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The shape of the association between age and the cost of reproduction varies across species. However, it is unclear whether there are any general patterns in the way the cost of reproduction varies with life history, taxon or ecological function. Using a simple theoretical method, we identified three characteristic patterns to describe the age-related survival cost of reproduction. The most frequent pattern is an approximately exponential decay (ED) with increasing age. Two additional u-shaped patterns were identified, where the cost of reproduction was higher for young and old individuals compared with intermediate-aged individuals. The majority of these u-shaped curves suggested higher costs of reproduction at older ages (RQ), with the rest suggesting a higher cost at young ages (LQ). While predators were most likely to exhibit ED-shaped cost curves, herbivores were equally likely to exhibit ED and RQ curves; birds were likely to exhibit ED-shaped curves and mammals were split equally between ED and RQ curves. These findings suggest that there may be predictable differences in the age-related shape of the cost of reproduction between species, but further research is required to identify the mechanisms generating such differences.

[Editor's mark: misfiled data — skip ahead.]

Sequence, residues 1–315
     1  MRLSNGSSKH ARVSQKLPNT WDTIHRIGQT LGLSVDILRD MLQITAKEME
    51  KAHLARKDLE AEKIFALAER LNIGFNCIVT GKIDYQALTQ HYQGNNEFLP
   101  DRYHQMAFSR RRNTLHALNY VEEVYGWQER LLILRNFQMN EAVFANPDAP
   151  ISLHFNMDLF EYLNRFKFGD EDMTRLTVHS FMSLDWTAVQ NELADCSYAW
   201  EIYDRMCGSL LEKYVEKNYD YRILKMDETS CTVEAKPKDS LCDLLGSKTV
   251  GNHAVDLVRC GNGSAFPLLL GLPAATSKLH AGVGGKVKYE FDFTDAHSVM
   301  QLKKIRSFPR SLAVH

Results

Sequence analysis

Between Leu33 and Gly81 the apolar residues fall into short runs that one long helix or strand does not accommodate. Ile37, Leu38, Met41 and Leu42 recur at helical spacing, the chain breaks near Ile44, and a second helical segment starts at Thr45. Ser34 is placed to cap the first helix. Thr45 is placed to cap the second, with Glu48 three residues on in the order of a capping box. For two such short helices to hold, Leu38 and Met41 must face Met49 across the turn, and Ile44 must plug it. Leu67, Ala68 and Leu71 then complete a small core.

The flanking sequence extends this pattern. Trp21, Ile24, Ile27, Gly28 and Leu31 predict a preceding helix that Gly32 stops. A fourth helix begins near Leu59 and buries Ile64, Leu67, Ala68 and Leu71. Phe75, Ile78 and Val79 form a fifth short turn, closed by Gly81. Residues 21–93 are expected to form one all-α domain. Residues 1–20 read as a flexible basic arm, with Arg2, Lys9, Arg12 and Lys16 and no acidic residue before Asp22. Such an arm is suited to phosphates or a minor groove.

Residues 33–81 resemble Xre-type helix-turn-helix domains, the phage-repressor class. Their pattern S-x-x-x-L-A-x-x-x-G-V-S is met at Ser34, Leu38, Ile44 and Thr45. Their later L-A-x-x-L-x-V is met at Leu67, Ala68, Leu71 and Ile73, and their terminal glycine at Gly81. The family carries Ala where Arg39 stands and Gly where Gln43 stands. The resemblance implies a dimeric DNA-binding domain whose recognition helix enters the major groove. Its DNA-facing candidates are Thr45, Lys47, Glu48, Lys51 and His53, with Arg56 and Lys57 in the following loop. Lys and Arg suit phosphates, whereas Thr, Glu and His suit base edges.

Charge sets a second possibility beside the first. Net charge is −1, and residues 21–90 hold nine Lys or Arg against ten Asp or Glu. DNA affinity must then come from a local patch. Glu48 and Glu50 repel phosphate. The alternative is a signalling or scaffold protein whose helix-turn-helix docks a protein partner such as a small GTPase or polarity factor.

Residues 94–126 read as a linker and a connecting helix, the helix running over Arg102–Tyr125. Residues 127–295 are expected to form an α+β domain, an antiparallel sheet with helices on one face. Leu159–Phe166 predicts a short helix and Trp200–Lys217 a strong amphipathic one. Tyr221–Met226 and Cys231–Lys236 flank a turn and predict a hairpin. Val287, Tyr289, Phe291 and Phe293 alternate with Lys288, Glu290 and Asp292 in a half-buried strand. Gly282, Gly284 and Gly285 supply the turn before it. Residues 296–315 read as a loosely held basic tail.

Original publication




Journal article


Biol Lett

Publication Date





674 - 677


Age Factors, Animals, Birds, Feeding Behavior, Fishes, Mammals, Models, Biological, Reproduction, Reptiles, Vertebrates